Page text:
By: Claire Brown, Associate
Recent decisions by the Court of Appeals for the Third, United States v. EME Homer City and Seventh, United States v. Midwest Generation, Circuits are the newest additions to the growing body of case law concerning the Environmental Protection Agency’s (EPA) enforcement power under the Clean Air Act’s Prevention of Significant Deterioration and New Source Review Program (PSD/NSR Program). The EPA alleges nearly identical claims in both cases; former operators made substantial modifications to the power plant more than five years before the enforcement action was brought without first obtaining the necessary PSD/NSR permit and installing Best Available Control Technology (BACT) at the plant. The Third and Seventh Circuits ruled in favor of the industry defendants and advanced a narrow interpretation of the EPA’s enforcement power, deciding mainly on statute of limitations grounds.
Under the PSD/NSR Program, the operator of any “major emitting facility” built or substantially modified after August 7, 1977 must obtain a PSD/NSR permit. This permit must include provisions requiring the emitter to install BACT at the facility. When a facility is modified, the operator must determine whether the modification is “major,” thus triggering the obligation to obtain a PSD/NSR permit. The EPA’s enforcement powers under the Clean Air Act, however, check potential abuse by operators. If the EPA determines that a substantial modification requiring a permit was made, but the permit was not obtained, it can sue the operator for civil penalties and injunctive relief. Notably, the Clean Air Act does not establish a statute of limitations for enforcement actions, but the general federal statute of limitations of five years applies to any enforcement action where the government seeks civil penalties, including enforcement actions under the Clean Air Act. In 1999, the EPA began its coal-fired power plant enforcement initiative to ensure that coal-fired power plants are complying with the PSD/NSR requirements. Actions brought under this initiative tend to have extremely high stakes, and it has generated substantial litigation, including these two cases.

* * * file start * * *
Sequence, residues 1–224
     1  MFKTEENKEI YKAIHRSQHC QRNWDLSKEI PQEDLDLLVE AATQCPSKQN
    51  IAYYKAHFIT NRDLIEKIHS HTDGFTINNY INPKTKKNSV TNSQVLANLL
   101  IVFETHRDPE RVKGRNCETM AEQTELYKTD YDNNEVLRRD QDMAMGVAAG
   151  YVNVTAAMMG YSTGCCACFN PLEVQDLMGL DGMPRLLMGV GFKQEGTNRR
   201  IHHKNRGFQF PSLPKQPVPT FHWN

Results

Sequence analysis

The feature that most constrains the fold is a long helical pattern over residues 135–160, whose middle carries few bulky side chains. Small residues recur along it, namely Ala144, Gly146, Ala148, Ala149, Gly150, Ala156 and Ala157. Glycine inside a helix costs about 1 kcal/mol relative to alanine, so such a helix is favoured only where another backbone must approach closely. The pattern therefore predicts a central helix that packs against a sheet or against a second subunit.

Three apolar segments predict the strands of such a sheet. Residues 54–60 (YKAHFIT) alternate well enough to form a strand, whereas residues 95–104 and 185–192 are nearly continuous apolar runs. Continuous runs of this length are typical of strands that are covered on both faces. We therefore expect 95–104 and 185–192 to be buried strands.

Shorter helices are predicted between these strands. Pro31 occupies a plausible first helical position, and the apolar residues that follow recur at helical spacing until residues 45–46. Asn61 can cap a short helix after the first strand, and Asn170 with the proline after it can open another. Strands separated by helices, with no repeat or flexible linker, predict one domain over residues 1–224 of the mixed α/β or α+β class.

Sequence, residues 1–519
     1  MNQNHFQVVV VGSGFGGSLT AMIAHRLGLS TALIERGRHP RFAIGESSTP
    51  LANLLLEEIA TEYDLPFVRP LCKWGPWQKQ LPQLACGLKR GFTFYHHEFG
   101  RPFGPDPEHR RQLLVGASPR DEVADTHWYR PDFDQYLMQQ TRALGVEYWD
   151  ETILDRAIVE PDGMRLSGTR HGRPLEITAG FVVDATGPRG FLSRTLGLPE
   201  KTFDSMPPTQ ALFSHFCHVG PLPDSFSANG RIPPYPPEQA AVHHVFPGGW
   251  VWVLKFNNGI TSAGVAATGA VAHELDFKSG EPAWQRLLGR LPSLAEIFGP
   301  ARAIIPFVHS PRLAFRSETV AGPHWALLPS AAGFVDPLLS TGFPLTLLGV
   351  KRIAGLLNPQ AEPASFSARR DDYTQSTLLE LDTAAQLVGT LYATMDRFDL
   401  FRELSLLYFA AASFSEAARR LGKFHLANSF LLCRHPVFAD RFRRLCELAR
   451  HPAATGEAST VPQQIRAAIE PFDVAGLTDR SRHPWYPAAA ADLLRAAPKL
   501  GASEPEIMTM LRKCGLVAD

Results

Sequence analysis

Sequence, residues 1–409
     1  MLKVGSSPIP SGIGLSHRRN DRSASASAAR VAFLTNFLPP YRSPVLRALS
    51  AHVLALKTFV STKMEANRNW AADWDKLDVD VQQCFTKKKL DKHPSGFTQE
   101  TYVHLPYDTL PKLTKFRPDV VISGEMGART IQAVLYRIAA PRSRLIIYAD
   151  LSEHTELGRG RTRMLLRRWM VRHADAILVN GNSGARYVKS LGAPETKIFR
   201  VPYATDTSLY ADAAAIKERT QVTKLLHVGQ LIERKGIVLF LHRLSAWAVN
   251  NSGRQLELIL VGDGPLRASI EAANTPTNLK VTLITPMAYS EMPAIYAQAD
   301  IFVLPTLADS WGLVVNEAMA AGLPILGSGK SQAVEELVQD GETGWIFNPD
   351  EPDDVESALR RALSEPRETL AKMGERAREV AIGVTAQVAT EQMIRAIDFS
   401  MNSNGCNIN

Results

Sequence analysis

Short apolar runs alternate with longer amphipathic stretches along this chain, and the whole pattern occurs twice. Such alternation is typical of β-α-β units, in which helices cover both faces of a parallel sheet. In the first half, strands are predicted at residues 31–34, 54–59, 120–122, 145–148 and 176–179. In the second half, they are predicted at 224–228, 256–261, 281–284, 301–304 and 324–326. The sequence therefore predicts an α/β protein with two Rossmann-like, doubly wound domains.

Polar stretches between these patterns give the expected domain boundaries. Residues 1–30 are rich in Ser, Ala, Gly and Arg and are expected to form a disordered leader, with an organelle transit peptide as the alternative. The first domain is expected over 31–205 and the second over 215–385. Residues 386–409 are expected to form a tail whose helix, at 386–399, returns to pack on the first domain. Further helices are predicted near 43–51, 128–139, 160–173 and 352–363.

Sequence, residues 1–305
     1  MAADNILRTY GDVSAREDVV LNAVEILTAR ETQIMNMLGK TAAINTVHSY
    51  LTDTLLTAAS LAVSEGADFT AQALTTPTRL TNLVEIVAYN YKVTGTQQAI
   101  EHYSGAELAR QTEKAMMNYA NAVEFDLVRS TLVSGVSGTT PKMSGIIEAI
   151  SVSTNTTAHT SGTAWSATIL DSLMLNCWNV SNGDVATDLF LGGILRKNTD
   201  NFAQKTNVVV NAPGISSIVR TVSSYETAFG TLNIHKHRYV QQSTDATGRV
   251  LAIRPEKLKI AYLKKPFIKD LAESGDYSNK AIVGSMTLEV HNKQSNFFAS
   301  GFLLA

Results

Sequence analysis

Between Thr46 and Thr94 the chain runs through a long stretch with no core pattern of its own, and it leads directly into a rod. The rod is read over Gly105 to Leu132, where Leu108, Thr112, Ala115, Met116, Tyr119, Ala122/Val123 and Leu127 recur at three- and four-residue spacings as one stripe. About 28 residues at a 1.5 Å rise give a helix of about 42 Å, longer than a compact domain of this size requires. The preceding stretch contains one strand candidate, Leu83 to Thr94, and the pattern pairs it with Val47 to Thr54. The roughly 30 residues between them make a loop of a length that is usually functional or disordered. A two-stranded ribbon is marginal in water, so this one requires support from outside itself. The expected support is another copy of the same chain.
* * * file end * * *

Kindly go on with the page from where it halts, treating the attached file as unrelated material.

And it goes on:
The Statute of Limitations Issue
At the heart of both cases was the tolling of the five year statute of limitations. The EPA argued that even though the modifications triggering the requirement to obtain a permit and install BACTs were outside the five year statute of limitations, the operation of the plant without the permit and BACTs was an ongoing violation. Thus, the EPA argued, civil penalties within five years were warranted for each day of operation without the permit. The industry defendants, on the other hand, countered that failure to obtain a permit and install BACT was a one-time violation made at the time of the duty-triggering modification, and, therefore, the EPA did not have a claim since more than five years had passed. Both circuits unequivocally sided with the industry defendants and held that failure to obtain a PSD/NSR permit and install BACTs were a one-time violation at the time of the modification. Both circuits reasoned that the statutory language was clear and prohibited only the construction/modification of a plant, not the operation of a plant, without obtaining the appropriate permit and control technology. EME Homer City, the Third Circuit case, directly quoted from Midwest Electric, the Seventh Circuit case, when it stated that “[t]he violation is complete when construction [or modification] commences without a permit in hand.”